About ACF

Wednesday, February 20, 2019

Balance for Better - The ACF Way






ACF places a large focus on ‘gender balance’ across its programs. Whether it is ensuring women farmers are engaged in their Agricultural Livelihoods program or breaking gender stereotypes through Skill Training, ACF has worked hard to create a balance for women across its programs.


In the lead up to International Women’s Day, ACFs Chandrakant Kumbani highlights the importance of gender balance and how ACF is working towards it in its programmes.



The Benefits of Empowered Women

“The full participation of women to all levels of decision making is a basic human right”: Kofi Annan, Former Secretary-General, United Nations


Ever since 1975, when the UN began celebrating International Women’s Day, the world has slowly been waking up to the benefits of the empowered woman. Today, more than ever, there is recognition of the social & economic transformation that women can bring about in society & hence the call for better balance in terms of access to opportunities.


In India, while women account for half the population, carry out two-thirds of the work and are responsible for half the food commodities produced, the wages paid are only one-third of what their male counterparts would earn. Additionally, they account for only 10% of the total property owned in the country. It is an imbalance that indicates a feminization of poverty that transcends classes and regions.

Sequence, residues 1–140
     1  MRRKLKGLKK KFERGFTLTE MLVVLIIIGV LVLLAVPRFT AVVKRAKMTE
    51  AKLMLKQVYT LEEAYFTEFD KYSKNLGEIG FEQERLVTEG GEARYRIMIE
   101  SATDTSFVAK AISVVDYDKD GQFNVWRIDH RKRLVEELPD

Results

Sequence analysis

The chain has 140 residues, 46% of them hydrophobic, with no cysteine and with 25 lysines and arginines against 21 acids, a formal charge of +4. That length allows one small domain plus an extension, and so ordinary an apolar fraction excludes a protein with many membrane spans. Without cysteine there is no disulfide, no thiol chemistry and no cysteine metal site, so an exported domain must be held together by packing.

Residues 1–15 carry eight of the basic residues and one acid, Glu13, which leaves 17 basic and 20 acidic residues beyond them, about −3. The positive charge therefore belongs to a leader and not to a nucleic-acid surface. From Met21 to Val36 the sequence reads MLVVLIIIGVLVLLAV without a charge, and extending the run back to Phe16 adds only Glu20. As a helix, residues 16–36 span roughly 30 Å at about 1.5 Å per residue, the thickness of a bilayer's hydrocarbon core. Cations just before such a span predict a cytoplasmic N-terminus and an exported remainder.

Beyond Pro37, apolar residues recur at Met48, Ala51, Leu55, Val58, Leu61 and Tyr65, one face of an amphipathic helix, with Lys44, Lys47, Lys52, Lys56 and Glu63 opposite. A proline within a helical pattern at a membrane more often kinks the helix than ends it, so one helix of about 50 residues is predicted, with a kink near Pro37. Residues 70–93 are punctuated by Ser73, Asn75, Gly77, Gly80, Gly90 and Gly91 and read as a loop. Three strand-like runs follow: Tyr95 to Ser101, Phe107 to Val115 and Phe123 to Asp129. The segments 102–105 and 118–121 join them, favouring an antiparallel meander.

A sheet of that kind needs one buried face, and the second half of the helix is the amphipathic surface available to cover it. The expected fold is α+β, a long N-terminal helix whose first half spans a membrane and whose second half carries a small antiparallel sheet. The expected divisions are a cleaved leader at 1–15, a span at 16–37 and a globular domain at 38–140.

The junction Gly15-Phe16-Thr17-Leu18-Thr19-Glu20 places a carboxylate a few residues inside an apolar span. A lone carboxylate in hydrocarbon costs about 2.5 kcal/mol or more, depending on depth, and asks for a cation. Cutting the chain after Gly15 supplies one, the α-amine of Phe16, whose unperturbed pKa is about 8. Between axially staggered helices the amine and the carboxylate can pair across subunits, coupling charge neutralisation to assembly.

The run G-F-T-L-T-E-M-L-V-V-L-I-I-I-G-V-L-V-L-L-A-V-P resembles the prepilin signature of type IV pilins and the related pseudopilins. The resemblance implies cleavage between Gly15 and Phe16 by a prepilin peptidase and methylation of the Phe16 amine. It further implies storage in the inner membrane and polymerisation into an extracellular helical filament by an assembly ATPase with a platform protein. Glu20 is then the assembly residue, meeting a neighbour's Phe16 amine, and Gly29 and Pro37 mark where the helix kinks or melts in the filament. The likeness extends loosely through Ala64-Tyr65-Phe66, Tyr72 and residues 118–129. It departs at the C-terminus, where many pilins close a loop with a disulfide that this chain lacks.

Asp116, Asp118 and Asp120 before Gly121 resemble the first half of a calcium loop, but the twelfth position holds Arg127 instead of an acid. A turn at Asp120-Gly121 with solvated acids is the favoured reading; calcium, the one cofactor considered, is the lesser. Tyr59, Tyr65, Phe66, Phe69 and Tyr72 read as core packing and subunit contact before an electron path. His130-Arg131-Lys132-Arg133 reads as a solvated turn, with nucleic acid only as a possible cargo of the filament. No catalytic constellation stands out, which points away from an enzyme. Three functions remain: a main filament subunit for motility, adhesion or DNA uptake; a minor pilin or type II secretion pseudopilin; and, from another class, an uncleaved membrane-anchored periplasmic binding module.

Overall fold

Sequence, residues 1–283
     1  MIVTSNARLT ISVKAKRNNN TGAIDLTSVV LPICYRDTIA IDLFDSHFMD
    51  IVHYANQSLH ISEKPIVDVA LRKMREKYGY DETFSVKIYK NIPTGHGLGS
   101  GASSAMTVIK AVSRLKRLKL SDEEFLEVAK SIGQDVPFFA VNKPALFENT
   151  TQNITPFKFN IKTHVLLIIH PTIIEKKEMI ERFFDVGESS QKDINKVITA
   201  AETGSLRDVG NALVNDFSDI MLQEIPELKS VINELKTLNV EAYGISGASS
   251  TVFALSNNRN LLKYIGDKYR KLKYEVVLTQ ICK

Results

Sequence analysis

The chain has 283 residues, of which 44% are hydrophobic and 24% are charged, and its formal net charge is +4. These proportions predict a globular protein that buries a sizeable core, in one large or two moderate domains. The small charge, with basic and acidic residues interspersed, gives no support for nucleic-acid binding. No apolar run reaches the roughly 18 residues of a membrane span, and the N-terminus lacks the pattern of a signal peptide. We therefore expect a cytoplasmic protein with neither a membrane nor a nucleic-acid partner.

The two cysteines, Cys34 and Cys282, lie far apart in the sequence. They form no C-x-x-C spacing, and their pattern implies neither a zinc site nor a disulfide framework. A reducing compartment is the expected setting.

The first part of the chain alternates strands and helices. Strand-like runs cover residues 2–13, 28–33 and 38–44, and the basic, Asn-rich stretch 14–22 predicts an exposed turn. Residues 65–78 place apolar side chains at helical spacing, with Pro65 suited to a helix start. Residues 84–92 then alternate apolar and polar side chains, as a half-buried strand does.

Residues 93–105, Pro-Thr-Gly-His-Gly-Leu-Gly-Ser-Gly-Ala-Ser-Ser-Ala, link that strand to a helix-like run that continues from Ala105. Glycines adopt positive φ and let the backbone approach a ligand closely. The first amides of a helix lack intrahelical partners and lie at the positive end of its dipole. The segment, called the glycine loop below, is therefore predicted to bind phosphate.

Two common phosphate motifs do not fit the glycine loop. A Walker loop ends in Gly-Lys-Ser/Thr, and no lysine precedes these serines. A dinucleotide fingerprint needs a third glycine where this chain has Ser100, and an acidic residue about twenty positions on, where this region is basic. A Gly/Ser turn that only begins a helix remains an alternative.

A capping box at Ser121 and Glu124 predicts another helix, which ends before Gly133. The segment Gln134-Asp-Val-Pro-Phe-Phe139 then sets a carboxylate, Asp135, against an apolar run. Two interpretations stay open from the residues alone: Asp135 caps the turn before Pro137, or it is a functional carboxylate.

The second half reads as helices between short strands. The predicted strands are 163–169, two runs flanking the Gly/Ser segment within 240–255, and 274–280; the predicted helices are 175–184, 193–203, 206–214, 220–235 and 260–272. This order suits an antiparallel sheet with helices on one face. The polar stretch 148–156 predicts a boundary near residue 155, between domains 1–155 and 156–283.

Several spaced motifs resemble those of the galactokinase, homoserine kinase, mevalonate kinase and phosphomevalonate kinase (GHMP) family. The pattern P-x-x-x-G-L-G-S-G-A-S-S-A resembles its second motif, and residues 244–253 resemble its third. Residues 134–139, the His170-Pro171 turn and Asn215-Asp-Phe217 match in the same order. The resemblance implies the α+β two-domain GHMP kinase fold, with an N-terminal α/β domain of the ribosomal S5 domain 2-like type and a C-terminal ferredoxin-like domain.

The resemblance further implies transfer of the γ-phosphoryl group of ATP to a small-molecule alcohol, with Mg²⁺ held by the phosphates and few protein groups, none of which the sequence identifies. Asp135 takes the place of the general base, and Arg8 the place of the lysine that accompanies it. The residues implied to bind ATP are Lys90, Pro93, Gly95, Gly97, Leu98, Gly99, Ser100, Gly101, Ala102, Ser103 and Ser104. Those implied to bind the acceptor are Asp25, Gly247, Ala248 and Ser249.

In rural India, this imbalance is even more acute. On almost every major issue, rural women lag urban women and rural men, including food security, education & healthcare. This despite the fact that rural women play a key role in supporting their households and communities to generate income, food & nutrition security & improving livelihoods. It is indeed, unfortunate that in a country that reveres goddesses like Durga & Kali, there is still a long way to go to balance the gender divide that exists today. 


To achieve gender balance, it is crucial that women are empowered with appropriate skills & training and are provided with income generating opportunities that gain them social recognition. This, in fact, is the bedrock of ACF’s approach in achieving gender balance. 


Women in rural India, just like their urban counterparts, need productive employment, social security, childcare, maternity benefits, healthcare and better working conditions. In every village that ACF adopts, the starting point involves getting the women to participate in Self Help Groups (SHG), building their confidence through education & training and then assisting them with opportunities to fulfil skill gaps in the village or district. This leads to them eventually gaining respect & recognition in the family & community, empowering them to break gender stereotypes & move towards creating a better gender balance. 


The process is long drawn but rewarding. Initial resistance from the community is usually high and it takes multiple rounds of dialogues and discussions to eventually gain their trust. The mobility of women is also restricted & it takes a fair amount of convincing to address this. 


While an SHGs’ primary purpose is savings & financial assistance, it also plays an equally, if not more, important role of a platform for grievance sharing among its participants. Moreover, ACF promoted SHGs have a strong emphasis on imparting skills that can take women, families and communities out of the clutches of poverty. In each region, economic opportunities are identified, and the women are formally trained to capitalize on them. Each of these economic opportunities also has strong linkages to the program areas that ACF focuses on, to offer holistic 360-degree development to the community.



Program Areas & Gender Balance